The American Friend

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Ever since Alfred Hitchcock adapted Strangers on a Train in 1951, the novels and short stories of Patricia Highsmith have been hotly pursued by film-makers. They have a plot, thrills, seedy glamour, black humour and the suggestion of transgressive sex, any element of which can be dialled up and down. As I write there have been approaching 40 film and TV adaptations, quite a few of which are famous – Hitchcock’s, of course, Plein Soleil (starring Alain Delon), Carol (Cate Blanchett) and The Talented Mr Ripley (Matt Damon and Jude Law).

The American Friend (aka Der amerikanishe Freund) not so much. In the mid 1970s director Wim Wenders had plans to do a Highsmith adaptation of his own but found that the rights to all her published works had already been sold. Stymied, he turned to Highsmith herself, who had a book in the works, Ripley’s Game, and persuaded her to let him have it.

She hated the screen version of what became The American Friend, but changed her opinion completely on seeing it a second time. It is that sort of film, to be fair to Highsmith, low on plot (it’s hard to work out what’s really going on) but high on atmosphere, a neo-noir that’s not too bothered with details but goes all in on mood.

The summaries all declare that Dennis Hopper is the star. Fresh (if that’s the right word) and fierce from Apocalypse Now, he plays Highsmith’s anti-hero Ripley after all. But the film is dominated by Bruno Ganz as Jonathan Zimmermann, a Hamburg-based picture restorer and frame-maker who is recruited to become a hitman by a shadowy figure called Raoul Minot.

Ripley might or might not have tipped off Minot that Zimmermann is mortally ill and so will need money to provide for his family after his death. The only wrinkle here being that Zimmermann doesn’t believe he is dying, and nor does his doctor. In fact much of the film consists of Zimmermann going to doctors to get the exact status of his health confirmed. It’s all a bit confusing.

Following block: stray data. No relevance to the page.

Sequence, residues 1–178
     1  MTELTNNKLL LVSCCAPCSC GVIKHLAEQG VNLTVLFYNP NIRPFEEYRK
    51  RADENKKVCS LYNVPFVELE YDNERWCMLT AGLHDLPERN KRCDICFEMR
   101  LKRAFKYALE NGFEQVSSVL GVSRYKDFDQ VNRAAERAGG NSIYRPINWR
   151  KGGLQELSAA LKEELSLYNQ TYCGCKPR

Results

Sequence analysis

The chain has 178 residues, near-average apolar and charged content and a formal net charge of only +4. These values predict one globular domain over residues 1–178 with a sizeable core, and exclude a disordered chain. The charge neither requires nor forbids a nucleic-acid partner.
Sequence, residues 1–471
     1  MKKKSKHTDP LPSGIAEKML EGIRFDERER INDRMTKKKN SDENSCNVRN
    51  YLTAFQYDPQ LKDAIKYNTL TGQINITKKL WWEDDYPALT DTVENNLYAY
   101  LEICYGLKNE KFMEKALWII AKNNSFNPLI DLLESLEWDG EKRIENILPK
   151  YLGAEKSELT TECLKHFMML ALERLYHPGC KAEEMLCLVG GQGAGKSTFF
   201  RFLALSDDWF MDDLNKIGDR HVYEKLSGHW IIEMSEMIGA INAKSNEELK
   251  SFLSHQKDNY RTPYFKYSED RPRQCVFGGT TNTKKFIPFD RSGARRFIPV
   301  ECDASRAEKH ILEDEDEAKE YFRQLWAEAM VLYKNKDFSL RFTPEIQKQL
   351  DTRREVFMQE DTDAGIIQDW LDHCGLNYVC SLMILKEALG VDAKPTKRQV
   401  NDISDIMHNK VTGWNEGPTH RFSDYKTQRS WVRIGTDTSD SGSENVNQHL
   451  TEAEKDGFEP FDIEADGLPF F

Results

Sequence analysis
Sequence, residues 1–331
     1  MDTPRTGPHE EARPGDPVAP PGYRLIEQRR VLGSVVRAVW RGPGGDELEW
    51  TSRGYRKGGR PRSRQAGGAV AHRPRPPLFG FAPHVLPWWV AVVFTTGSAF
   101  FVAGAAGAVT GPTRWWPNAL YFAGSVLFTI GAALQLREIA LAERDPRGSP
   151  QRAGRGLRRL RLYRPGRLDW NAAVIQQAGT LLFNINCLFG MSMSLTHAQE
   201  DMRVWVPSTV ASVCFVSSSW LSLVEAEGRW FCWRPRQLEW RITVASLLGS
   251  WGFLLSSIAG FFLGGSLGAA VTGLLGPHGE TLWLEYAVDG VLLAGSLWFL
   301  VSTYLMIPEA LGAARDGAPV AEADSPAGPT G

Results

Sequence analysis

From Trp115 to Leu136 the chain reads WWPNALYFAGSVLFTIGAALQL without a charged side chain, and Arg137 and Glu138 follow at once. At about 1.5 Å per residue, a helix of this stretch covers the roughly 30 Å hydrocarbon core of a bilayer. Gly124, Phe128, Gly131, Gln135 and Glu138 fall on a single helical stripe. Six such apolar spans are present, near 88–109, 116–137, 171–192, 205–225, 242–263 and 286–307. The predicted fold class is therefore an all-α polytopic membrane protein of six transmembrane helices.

Not only that. Why would a professional criminal hire a humble frame-maker to carry out a hit in the first place? Why, when hiring him, is Minot so imprecise about the number of people he wants killing? “One or two”, Minot says. That “or” is doing a lot of work there, especially if you’re the amateur who is potentially going to do the job.

Who is Minot anyway? His character is entirely in keeping with almost everything else in the film. Ripley himself is a mystery. Almost a supernatural presence, he inhabits a massive white house that seems almost derelict and is friends with a painter called Derwatt, who is billed as “Derwatt”, in scare quotes, and may not be the painter at all but a forger. Either that or he is the real Derwatt but is pretending to be dead, for reasons never explained. Also popping up on the margin is someone referred to as Der Amerikaner, a cigar-smoking old-school gangster with henchmen, a badass tight-lipped attitude and all the trimmings.

There are a lot of directors on screen in this movie – Hopper, Nicholas Ray (Derwatt), Sam Fuller (the cigar-chomping Amerikaner), Gérard Blain (Minot) in bad guy roles, plus Jean Eustache, Peter Lilienthal, Daniel Schmid, Sandy Whitelaw and Wenders himself (a cameo as the guy in bandages at the end).

It’s either a homage by Wenders to people he rates, or a little joke, or perhaps a reinforcement of the notion of slippery reality – directors, after all, spend their lives massaging it.

Bruno Ganz with a gun
Zimmermann embraces his new hitman status

So, not much happens, at least for the first half of the film, when Ripley is largely absent and Zimmermann is being lined up for the job. When his first hit eventually comes along, Wenders does it in extraordinary detail, Zimmermann following his target on the Paris Metro, waiting for the ideal moment to shoot. Wenders wants to impress on his audience that killing someone in broad daylight, when you have never done it before, is not easy.

Later, when Zimmermann is on job number two, set entirely on board a train, Ripley suddenly returns to the scene, almost as if invoked by prayer. At the same time Wenders ramps up the thrills, and the existential and abstract suddenly gives way to the practical and thrilling, as if to prove that Alfred Hitchcock isn’t the only one who can do this sort of thing.

Really, it’s all about the look, with Wenders using versatile DP Robby Müller’s extraordinary eye for colour to the max. Müller shot Repo Man and Dead Man and Breaking the Waves for Alex Cox, Jim Jarmusch and Lars Von Trier respectively, and tends to work at the arthouse end of cineplex, but the look here is like none of those – here Müller is always juxtaposing warm and cool lighting, to point up that something isn’t quite as it should be. (Apparently he had a lot of trouble with the processing lab “correcting” his colours).

Meanwhile, Jürgen Knieper’s soundtrack is noirish in the extreme, real old-school 1940s noir, all trembling strings and hooting bass woodwind, foreshadowing Zimmermann’s conversion from simple framer into hitman. If this is a story about anything it’s about a diffident guy trying on the hitman style and finding he likes it.

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© Steve Morrissey 2023

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